I have been getting this rash probably about once a month for the past two years. It doesn't hurt and its not itchy, it just feels really hot. I was tested for lupus, and i had a positive ANA (1:320) but my doctor said that it was normal.. i experience raynauds, and sometimes i have a low WBC, and low HCT.
Could I have Systemic Lupus? (photo)
Doctor Answers (1)
How to Diagnose Systemic Lupus Erythematosus
You present a very interesting question and I know a very important and worrisome problem for yourself. Neither I nor any physician can properly diagnose lupus in a forum such as this, but let me give you some general information, which you might be able to act upon.
First of all, I am a dermatologist and the photo you show is of some concern. It does have the appearance of the so-called "butterfly" or malar cheek rash. But there are other disorders that can cause this appearance too. For example, an irritant or contact dermatitis; a photosensitivity either on its own or as a result of something you have applied to the affected area; there is something called the erythemato-telangiectatic form of rosacea that could cause a similar picture; and there are other light sensitivities such as polymorphous light eruption. All of that being said, I would want a skin biopsy along with some special testing called immunofluorescence testing. Your dermatologist does this.
Now, the positive ANA: Your level is not insignificant, however, a certain percentage of the population may have false positive ANA and be perfectly healthy. So, the take-home lesson is that the ANA test must be interpreted along with the clinical symptoms that accompany it, and in light of any other medication you might be taking (this is because some medications may elicit a false positive ANA reaction).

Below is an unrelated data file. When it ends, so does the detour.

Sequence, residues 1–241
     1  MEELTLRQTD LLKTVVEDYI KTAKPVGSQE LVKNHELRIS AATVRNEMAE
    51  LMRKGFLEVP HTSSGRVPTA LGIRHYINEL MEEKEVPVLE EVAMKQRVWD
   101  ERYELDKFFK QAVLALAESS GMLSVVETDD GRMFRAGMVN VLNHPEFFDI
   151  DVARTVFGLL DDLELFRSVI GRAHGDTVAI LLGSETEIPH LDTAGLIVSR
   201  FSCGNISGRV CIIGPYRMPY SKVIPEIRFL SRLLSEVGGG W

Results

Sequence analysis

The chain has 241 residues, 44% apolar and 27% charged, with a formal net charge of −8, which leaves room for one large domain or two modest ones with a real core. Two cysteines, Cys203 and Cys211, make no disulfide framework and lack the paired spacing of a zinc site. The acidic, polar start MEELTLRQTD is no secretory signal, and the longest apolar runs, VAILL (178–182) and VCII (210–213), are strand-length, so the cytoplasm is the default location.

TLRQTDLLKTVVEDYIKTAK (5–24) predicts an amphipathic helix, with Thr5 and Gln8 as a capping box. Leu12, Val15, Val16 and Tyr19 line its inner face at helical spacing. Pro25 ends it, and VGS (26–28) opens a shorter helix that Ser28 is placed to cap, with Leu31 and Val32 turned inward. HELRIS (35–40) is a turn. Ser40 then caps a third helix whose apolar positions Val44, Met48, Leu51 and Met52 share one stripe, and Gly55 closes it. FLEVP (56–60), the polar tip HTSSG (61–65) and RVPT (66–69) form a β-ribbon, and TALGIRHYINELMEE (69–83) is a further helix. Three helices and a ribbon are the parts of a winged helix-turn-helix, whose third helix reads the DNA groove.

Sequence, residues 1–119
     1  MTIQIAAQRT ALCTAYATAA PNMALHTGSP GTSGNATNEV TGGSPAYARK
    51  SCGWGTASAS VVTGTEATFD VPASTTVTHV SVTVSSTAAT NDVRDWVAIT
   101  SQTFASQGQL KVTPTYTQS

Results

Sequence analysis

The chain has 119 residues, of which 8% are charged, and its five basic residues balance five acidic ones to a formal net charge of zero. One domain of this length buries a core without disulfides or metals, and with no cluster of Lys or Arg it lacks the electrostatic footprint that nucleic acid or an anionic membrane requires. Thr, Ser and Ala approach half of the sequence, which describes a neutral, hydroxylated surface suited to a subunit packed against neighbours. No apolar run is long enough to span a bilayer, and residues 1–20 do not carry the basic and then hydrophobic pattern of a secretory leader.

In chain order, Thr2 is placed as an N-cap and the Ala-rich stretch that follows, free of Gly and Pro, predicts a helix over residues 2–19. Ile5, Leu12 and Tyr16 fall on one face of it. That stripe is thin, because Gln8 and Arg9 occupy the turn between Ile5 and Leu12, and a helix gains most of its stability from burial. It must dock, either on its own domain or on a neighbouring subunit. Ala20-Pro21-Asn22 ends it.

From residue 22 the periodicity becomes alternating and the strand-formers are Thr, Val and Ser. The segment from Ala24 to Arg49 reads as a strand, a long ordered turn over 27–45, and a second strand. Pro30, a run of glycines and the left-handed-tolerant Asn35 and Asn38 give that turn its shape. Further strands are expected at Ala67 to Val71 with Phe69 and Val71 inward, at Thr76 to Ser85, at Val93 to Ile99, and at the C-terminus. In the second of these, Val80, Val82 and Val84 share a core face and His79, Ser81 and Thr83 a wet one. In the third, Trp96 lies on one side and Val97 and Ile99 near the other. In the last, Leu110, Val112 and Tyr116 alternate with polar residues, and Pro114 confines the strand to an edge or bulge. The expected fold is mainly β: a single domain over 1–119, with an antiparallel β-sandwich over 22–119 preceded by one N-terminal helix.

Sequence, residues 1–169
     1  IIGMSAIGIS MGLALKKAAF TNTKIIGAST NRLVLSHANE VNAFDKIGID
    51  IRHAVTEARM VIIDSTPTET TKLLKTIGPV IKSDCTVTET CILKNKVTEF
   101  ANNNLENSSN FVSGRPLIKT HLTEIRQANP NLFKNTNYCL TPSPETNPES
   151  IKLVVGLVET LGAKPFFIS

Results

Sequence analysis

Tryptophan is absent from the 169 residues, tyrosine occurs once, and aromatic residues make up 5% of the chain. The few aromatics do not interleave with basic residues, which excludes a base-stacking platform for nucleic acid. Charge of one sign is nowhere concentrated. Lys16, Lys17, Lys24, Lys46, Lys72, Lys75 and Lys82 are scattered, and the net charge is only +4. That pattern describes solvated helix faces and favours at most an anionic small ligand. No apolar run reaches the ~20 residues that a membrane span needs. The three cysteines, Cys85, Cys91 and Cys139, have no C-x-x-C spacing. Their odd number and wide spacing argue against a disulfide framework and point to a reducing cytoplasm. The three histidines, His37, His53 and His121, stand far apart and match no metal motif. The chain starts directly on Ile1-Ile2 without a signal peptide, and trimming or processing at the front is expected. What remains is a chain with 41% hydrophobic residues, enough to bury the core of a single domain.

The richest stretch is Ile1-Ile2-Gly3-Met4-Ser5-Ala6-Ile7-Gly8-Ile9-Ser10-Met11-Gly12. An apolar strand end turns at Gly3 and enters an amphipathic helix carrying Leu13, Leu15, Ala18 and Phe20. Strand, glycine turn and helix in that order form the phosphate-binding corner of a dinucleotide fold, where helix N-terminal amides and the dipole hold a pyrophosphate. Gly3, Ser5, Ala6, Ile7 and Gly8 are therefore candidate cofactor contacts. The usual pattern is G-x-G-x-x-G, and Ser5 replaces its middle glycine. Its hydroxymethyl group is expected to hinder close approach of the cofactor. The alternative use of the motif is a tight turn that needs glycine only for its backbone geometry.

Now, for the low WBC count and blood count: Once again, the magnitude of these cytopenias is important, and other clinical factors must be taken into account. For example, if you are a young menstruating woman, it is certainly not uncommon to see an anemia as a result. The low WBC count is a bit different, and if the magnitude is significant, these cytopenias may be relevant to lupus. Alternatively, one may have something like a cyclical neutropenia, which is not related to lupus.
You do not mention other clinical and laboratory information. For example, do you have arthritis? Is your kidney function normal? Is your urinalysis normal? Do you have other antibodies in your blood? Have you had any seizures?
The Raynauds phenomenon (vasospasm of the fingertips in response to cold) may be seen with autoimmune disease such as lupus, but is most commonly seen with scleroderma...if it is associated with an immune disease at all. So once again, alone, it may not be that relevant.
So you asked the question: COULD you have lupus, and unfortunately with the various manifestations mentioned above, you COULD. But DO YOU is a different matter. I would suggest you see both a board certified rheumatologist and dermatologist and let them work together to get to the bottom of your question...and hopefully you do not have a rheumatic disease, but just a mixture of various assorted issues.
I hope this helps you.
These answers are for educational purposes and should not be relied upon as a substitute for medical advice you may receive from your physician. If you have a medical emergency, please call 911. These answers do not constitute or initiate a patient/doctor relationship.